Adios, Don Julio

Four million people will turn 65 years old every year for the rest of the decade!

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I am cutting out a lot of the things that used to take my energy away. And as I gradually cut them out of my life, I am surprised to find how little I miss them. Tequila is one of those things. Normally, I am the life of the party and I have had all sorts of social and business reasons to be drinking reposados (Clase Azul) and añejos (Don Julio) and ultra-aged añejos (Grand Mayan) with my friends, colleagues, partners, employees or, to be honest, whoever was down.

I haven’t had a glass of tequila - añejo or otherwise - since the middle of November. I wasn’t counting, I just realized it. It’s been three months. Don’t miss it. Same way I don’t miss Twitter. Same way I don’t miss a lot of things I thought were once a permanent part of my regular routine and now are just, well, part of my past. Byeeeeee!

Less time spent drinking tequila, eating badly during and afterward and then sleeping it off the next morning. More time for everything else. Feels amazing. I have reclaimed so much time. And the reclaimed time is quality time because I’m alert and revitalized.

Energy conservation is going to be key for me as I rise up to take on the opportunities ahead. One of the biggest opportunities I see is the tidal wave of potential clients who will be coming to us as they hit the point in their lifecycle where professional financial, insurance, tax and estate advice become not just nice to have but essential.

Check this out:

That’s from Ben Carlson’s new post at A Wealth Of Common Sense.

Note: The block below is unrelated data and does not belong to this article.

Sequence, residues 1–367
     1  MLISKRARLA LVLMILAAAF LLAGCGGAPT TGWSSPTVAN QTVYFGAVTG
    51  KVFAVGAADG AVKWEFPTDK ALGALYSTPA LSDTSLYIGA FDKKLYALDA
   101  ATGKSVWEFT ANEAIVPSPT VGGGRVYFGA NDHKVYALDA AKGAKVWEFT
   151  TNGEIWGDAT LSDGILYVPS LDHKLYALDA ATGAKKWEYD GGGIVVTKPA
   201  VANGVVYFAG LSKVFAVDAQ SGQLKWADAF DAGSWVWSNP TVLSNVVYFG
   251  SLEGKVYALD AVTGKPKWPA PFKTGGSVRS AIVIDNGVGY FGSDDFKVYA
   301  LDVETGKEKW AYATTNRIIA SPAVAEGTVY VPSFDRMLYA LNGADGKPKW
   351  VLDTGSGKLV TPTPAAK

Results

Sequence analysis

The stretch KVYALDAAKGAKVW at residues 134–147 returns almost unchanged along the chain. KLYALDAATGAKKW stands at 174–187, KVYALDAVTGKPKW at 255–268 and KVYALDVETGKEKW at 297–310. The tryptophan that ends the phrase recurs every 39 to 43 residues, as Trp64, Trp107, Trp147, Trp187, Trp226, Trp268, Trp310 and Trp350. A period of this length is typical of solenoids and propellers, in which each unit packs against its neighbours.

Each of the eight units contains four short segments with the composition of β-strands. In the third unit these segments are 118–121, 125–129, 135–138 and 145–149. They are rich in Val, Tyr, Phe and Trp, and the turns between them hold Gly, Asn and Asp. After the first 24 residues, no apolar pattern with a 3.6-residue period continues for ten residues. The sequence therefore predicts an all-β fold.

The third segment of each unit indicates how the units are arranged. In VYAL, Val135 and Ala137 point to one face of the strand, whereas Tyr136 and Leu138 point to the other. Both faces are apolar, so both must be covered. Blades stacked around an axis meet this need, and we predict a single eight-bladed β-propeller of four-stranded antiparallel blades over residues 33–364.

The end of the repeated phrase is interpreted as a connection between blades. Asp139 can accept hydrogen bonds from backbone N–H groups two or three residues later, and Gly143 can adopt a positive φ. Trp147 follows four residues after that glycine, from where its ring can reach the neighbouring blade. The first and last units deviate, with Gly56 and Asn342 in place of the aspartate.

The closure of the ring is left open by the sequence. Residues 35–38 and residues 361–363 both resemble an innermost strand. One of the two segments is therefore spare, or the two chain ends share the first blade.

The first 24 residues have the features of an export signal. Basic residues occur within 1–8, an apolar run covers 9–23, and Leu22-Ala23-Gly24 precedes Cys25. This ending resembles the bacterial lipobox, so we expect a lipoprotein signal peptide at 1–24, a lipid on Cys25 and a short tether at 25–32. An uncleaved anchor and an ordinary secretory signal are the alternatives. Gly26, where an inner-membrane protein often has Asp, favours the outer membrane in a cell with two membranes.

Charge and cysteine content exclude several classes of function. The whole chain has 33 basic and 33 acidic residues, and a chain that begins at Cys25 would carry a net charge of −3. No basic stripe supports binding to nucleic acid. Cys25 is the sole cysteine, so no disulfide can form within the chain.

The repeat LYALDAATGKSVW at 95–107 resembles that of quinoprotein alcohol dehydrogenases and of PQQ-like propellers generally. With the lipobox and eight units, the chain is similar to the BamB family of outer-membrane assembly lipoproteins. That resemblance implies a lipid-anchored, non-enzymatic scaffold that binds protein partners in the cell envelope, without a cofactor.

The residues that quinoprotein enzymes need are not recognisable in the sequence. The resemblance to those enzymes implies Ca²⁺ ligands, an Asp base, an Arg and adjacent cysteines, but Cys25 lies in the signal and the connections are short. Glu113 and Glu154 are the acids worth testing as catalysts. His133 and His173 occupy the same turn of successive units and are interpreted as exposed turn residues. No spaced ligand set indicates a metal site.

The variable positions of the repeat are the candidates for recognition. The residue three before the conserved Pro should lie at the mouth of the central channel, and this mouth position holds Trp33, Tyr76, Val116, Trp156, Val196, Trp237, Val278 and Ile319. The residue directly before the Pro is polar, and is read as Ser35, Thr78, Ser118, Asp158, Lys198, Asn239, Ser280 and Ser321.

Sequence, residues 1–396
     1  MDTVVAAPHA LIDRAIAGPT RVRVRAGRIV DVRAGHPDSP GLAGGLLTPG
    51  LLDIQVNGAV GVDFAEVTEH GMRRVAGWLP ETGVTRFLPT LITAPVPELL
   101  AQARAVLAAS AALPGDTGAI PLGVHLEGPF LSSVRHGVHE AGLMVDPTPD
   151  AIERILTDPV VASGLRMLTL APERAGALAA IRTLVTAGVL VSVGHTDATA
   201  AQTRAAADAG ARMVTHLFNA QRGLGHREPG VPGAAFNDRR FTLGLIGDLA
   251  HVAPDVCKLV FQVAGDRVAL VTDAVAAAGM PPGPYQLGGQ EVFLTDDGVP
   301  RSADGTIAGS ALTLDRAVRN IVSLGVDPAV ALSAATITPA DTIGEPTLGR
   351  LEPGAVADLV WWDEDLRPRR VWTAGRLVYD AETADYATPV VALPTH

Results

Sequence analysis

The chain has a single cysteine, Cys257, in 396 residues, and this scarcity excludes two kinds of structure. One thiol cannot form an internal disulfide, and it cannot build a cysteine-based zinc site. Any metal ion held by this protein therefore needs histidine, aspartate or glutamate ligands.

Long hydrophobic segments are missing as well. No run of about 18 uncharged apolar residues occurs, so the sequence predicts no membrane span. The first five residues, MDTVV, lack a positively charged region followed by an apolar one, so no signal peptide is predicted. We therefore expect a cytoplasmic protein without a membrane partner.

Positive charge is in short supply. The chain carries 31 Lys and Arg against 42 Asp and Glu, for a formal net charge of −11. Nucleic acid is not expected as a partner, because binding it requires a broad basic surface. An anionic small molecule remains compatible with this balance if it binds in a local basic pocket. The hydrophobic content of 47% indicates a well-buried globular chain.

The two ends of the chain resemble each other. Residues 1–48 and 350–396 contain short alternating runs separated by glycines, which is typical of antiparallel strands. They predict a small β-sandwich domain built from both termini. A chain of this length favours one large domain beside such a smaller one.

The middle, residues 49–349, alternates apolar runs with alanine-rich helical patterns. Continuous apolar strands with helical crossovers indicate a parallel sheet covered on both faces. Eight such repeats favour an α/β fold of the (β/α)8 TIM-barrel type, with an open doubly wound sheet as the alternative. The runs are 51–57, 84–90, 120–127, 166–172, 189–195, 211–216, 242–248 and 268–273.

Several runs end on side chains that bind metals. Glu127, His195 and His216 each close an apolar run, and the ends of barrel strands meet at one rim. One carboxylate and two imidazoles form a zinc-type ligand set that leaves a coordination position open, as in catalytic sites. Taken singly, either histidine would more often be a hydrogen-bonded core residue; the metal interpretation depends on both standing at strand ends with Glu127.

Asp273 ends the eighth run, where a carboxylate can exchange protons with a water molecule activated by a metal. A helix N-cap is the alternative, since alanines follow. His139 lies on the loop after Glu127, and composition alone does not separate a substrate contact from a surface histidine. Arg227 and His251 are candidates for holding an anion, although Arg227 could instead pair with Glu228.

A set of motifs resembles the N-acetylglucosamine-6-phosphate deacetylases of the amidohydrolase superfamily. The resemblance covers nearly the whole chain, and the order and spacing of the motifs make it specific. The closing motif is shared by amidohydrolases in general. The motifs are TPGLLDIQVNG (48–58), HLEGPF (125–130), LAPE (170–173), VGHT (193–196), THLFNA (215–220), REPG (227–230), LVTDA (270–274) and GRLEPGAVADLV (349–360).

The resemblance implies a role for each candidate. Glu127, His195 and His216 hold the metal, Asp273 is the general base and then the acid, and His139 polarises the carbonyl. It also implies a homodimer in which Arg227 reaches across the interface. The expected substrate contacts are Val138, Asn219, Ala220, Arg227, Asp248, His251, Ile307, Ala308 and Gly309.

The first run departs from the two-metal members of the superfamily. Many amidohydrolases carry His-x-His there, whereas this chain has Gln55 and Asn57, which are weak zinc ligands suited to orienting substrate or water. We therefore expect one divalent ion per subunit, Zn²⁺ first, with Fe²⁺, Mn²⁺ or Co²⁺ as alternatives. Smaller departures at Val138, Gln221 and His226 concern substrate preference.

Basically, this year and every single year for the rest of this decade, 4 million Americans will be turning 65 years old. Some of those 4 million people will already have a financial advisor but will be looking to upgrade from the guy at the bank they play golf with to a true independent fiduciary advisor. Some will have never worked with an advisor before because they had the whole accumulation phase part down pat without any need for coaching or encouragement. Either way, we’re talking about a lot of money in motion, a lot of new planning and investing work and a lot of demand.

We’re going to get slammed with demand and it’s my job to make sure we can apply our quality control and meet that demand with our best foot forward. My job is to make sure the firm is ready, willing and able to help. We need to be adequately staffed with the very best financial planning, trading, service and subject matter expert talent I can assemble. We’re sixty people now which will not be enough, no matter how much we leverage the cutting edge technology that’s also coming down the pike. It’s going to take increased investment in both human capital and software to truly make the most out of all that lies ahead of us.

If you’re not talking to us about your portfolio and plan right now, who are you talking to?

Are you missing anything?

Just asking.

I had an awesome conversation yesterday with Joe Duran, founder of Rise Capital and the man who built and sold United Capital to Goldman Sachs. Joe calls himself “an exponential thinker” and his mind immediately goes toward “This is good but what if we could make it great?” I fucking love people with that mindset.